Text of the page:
Pritesh: Be business-savvy and develop the leadership skills to motivate your team – at the end of the day, investing in a franchise is one thing, but if you align your values and goals with those of your team then the business will succeed. When it comes to Wiltshire Farm Foods in particular, this brand is about service. You need empathy and a caring nature. Have those qualities then the business will follow.

It’s important that you’re willing to spend time with customers rather than a quick drop and go, and you embed those values firmly into your businesses.

Be someone who’s ready to roll up their sleeves and work hard; there are times when you may have to deliver or pick and pack products, that’s good for the team. Overall, I think a willingness to work hard – that’s the most important quality.

What are your plans for the future?

Pritesh: We have been very lucky to enjoy excellent growth since we took over the business. We have a family that’s passionate about Wiltshire Farm Foods and know the business very well.

What’s it like working as a couple?

Kalpana: To my surprise, I cope very well! We work as a team, we share the same goals, we have the same ethos of providing a good service and rewards follow! I enjoy working with him!

Pritesh: It’s important to respect each other’s strengths and weaknesses. We handle different aspects and work to the best of our individual skillsets.

Kalpana: I’m the operational side, he’s the business and strategic – we do make a good team!

What support do you receive?

Pritesh: Wiltshire Farm Foods has excellent support structures – whether legal, financial, budgeting issues, they provide support so that you’re able to hit the ground running with full training in every aspect of the business.

Within the first four weeks I’d say you’re ready to run a business. Thereafter, the support we have from marketing, TV advertising and so on is superb. There’s no hidden cost layers, it’s a straightforward franchise model – it’s very simple. In return, you run your business… and succeed!

So no regrets?

Pritesh: No, none at all! I wish we’d known about it sooner.

Kalpana: So do I! And then we would have been working together longer!

Mark Appleton, franchise partner for Stourbridge

What did you do before you became a Wiltshire Farm Foods franchise partner?

I worked at PwC and KPMG as a management consultant for 20 years, spending four of those years in Saudi Arabia. Then, I felt like a career change, that I’d like to have my own business. I looked at franchises – take an existing business and not have to set up from scratch. I also had the support of the brand, so I wasn’t trying to learn everything right from the beginning. It was a big enough curve to get up to speed learning finance, payroll, tax, pensions, all of that.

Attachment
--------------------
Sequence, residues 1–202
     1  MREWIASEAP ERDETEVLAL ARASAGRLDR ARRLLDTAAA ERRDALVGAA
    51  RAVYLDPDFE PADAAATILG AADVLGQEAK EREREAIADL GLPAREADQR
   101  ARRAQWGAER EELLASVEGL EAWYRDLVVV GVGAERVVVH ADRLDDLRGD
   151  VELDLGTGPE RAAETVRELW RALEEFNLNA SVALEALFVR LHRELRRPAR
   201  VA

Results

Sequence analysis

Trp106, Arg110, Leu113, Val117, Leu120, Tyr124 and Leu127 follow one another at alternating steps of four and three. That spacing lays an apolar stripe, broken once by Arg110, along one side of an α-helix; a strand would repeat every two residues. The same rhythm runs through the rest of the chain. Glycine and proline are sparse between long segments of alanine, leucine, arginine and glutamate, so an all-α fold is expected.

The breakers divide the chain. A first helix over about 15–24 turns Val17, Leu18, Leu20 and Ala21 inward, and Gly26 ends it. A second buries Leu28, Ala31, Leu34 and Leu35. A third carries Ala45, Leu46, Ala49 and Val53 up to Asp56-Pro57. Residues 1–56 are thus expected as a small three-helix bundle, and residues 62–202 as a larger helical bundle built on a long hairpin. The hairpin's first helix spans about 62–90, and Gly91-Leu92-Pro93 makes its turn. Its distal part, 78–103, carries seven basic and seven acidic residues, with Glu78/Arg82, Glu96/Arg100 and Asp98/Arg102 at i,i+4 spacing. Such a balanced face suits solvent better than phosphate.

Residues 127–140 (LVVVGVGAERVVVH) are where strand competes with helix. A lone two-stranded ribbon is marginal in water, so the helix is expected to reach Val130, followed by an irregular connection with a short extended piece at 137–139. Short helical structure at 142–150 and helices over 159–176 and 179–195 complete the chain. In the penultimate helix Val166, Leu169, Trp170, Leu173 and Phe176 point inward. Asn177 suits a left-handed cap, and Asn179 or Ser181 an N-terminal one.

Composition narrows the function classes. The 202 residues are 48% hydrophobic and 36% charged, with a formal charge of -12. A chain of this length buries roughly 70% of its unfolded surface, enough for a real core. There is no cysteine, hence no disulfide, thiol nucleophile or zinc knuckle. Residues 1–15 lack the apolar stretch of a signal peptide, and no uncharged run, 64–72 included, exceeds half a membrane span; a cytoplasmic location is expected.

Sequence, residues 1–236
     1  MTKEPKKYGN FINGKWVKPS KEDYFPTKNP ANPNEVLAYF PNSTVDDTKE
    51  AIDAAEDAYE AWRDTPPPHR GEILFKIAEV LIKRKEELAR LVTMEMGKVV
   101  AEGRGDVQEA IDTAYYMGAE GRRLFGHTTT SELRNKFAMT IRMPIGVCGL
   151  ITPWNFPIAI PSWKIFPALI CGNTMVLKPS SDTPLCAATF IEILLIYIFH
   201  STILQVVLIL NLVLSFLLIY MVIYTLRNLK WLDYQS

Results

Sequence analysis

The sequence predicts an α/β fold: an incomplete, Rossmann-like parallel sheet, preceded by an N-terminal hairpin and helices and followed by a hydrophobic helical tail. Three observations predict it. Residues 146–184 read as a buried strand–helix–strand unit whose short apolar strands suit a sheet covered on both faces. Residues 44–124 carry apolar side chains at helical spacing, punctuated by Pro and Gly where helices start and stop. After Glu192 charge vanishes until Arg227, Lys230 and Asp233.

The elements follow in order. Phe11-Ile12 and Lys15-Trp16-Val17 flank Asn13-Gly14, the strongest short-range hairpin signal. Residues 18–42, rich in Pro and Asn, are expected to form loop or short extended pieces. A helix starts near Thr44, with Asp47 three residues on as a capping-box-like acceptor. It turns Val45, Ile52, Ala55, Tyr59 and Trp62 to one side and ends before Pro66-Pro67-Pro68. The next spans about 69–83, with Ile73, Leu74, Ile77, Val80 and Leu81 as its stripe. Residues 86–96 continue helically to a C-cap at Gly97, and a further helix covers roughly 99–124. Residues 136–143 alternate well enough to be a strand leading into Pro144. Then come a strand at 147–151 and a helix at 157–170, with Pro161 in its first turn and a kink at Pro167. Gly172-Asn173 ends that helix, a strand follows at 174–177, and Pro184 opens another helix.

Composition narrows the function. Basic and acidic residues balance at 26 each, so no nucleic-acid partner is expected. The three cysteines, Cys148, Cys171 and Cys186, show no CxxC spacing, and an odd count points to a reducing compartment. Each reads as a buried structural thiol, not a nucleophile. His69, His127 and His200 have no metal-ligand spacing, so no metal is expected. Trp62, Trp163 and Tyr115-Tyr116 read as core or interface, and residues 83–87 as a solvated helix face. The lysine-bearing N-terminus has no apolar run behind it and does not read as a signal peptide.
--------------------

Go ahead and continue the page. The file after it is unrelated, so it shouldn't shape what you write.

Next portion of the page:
And why Wiltshire Farm Foods?

I did my research from a point of view of investment and returns. I was looking for the right fit, the scale of the business that suited me, as well as my financial aspirations and skillset.

Wiltshire Farm Foods appealed to me for a number of reasons and one in particular was that I wouldn’t be taken out by technology – people need to eat! It’s a growing market, particularly with the older population – and ethically it appealed to me. The environment and sustainability issues felt very close to my heart in terms of their values and also who they’re catering for – dementia-related care, pureed foods, people with difficulties, so yes, a perfect fit!

How did Wiltshire Farm Foods prepare you, and what kind of training or onboarding is there?

I had a lot of phone conversations, then meetings and then there was the whole business case presentation, working out the numbers, etc. The process was rigorous and they gave me the time to really work out what I was going to have to do in terms of investment, such as buying vehicles and setting up the freezer. My advice is give yourself long enough to take all this into consideration.

Originally, I’m an industrial engineer, so I had worked in a manufacturing environment, I understood how businesses worked and I’d run quite a large factory before. Wiltshire Farm Foods’ induction was great in the sense of getting you going, the manual, and so on; it’s so informative. It was a steep learning curve; I was really lucky as staff joined from the existing business and that took a lot of the pain of a startup away. But the support was there overall.

How did brand awareness of Wiltshire Farm Foods help?

It’s huge – when we go out and market there’s certainly people ready to become customers with us. With the TV campaigns and the historical branding, it makes that conversation easier when you’re talking about the product and service.

One of the main benefits of having that brand and being a franchise is that you’re not actually trying to learn the business, you’re growing it. For me, as a late career changer, it’s a case of coming in and taking the brand and franchise on – it’s all there already.

How has life changed since you became a Wiltshire Farm Foods franchise partner?

I’ve got a lot more time with the family – I’m not travelling as much from a business perspective, my days are a lot more predictable and I get time to pick my daughter up from school. My wife works in the business, it’s a nice balance!